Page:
Benefits of Running Security Over a Secondary Network

Thursday, August 6, 2015 by under Asset Protection, Intrusion/Fire Protection, Managed Network Services, Monitoring, Video Surveillance

Business owners often look to surveillance cameras as a way to enhance safety, deter theft, optimize operations and improve employee performance.

But before you implement IP cameras, first consider their network implications to ensure optimal quality, security and performance. For some companies, a secondary network, used exclusively for the security system, can make certain that IP video bandwidth and storage requirements don't interfere with other critical systems on the primary network, like point-of-sale (POS).

Outlined below are the two major benefits of a secondary network for security.

Improved Bandwidth and System Performance

Bandwidth directly affects network performance. The more data that moves across the network, the more bandwidth you’ll need. Using too much, without proper network design and management, can cause systems to slow down, perform poorly or stop running altogether.

By isolating specialized and high-bandwidth applications, like your surveillance system, on their own network, you can prevent accidentally compromising critical system performance.

To keep your secondary network running smoothly, determine overall bandwidth needs, and then work backward to set up your infrastructure. Remember to calculate the traffic moving within the local area network (LAN) separately from the wide area network (WAN). These are typically very different, and it is the WAN calculation that will determine the requirements for your secondary Internet connection.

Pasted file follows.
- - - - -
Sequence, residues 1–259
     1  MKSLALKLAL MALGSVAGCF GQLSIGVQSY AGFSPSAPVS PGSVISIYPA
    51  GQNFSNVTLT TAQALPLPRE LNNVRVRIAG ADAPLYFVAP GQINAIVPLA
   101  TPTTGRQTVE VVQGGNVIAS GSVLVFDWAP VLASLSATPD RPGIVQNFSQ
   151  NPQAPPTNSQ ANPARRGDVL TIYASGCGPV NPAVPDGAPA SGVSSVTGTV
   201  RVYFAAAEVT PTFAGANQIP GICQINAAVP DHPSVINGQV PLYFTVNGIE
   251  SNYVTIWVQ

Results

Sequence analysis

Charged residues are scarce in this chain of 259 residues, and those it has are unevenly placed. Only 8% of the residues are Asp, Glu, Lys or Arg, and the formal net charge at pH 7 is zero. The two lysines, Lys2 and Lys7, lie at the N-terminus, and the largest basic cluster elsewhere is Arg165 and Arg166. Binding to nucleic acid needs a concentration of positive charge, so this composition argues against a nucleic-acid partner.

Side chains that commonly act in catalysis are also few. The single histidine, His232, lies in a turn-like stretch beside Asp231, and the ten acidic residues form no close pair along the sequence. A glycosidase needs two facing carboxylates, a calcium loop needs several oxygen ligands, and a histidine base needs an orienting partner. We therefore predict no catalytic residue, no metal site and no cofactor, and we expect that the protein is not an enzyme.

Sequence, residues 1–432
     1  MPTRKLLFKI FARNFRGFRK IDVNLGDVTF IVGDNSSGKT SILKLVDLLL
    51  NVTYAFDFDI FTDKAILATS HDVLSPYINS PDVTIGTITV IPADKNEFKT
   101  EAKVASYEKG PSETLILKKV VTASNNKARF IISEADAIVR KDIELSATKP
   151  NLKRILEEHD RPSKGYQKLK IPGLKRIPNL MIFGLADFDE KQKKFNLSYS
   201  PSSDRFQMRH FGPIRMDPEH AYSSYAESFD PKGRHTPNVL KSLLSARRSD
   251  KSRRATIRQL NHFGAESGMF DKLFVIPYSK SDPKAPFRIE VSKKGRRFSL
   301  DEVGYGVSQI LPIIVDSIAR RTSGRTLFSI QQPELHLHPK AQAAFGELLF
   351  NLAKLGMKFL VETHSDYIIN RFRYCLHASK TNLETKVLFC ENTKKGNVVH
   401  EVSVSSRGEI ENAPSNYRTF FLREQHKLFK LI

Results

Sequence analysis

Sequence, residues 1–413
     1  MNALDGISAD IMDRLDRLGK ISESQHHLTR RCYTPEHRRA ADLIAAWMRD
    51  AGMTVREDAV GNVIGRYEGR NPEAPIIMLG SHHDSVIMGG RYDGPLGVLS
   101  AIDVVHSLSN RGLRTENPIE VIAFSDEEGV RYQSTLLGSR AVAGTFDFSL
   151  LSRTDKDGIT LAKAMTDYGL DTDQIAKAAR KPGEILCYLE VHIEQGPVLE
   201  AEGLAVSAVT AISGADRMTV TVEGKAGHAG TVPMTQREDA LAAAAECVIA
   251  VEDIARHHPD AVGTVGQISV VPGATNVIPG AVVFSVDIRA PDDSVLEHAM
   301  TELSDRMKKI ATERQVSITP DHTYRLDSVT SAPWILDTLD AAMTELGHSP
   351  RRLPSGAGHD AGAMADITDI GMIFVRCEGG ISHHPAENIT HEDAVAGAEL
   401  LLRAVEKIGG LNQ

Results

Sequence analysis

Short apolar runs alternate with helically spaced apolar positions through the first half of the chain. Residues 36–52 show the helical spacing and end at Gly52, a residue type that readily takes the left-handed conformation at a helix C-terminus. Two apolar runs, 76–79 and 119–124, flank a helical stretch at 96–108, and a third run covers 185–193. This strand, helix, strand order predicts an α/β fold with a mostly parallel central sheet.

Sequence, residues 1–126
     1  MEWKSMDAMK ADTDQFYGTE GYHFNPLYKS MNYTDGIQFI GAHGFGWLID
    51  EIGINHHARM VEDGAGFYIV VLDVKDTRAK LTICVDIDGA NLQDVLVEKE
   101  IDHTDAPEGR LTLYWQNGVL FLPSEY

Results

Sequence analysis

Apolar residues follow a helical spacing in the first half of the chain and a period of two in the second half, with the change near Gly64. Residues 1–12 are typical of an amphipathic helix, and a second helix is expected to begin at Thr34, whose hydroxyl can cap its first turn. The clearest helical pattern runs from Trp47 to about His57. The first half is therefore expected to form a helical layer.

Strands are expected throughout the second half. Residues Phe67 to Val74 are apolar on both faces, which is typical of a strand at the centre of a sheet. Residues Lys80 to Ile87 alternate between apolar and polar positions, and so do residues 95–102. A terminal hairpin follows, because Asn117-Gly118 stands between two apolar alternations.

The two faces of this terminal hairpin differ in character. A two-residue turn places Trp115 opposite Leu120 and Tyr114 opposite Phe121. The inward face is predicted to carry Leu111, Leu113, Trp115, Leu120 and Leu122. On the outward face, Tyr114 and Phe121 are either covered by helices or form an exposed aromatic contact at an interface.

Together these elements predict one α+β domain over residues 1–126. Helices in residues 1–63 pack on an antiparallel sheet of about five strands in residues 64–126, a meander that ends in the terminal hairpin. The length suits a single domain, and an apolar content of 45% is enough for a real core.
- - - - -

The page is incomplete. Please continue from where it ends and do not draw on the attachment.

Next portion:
Be sure to plan for system expansion and network overhead too. Your connection should never be sized to match your calculations exactly, as actual connection speeds and network traffic may vary.

Assess desired end-user video quality by defining required:

  • Frame rate.
  • Resolution.
  • Video compression.

Then, use planning tools to view video performance at mock network settings to ensure quality standards and expectations will be met.

Remember, bandwidth usage can vary based on equipment, the degree to which cameras are accessed or recorded via the WAN, and the settings used to meet end-user requirements. Before purchasing equipment or installing anything on your network, speak with your vendor or IT team to evaluate your bandwidth needs against network capabilities.

Improved Network Security

By isolating security systems on their own network, you reduce the potential impact on primary business applications should an attacker breach your video platform. This works in the reverse as well, preventing access to the security systems from the primary network. As more Internet-enabled applications and smart devices are leveraged by your business, the need for this type of separation will only grow.

Although outside the scope of this post, it is important to recognize that a variety of methods exist to create separate networks without separate broadband connections. One example is the use of virtual local area networks (VLANs) that can be used to restrict data flow inside your network while accessing the same Internet connection. Work with your network engineer or managed services provider to develop the most effective plan for your business.

If you have questions about surveillance camera capabilities or network installation, seek professional assistance.

What are your business’ major network concerns? Share with us in the comments below.

Image Source: Steve Johnson

 

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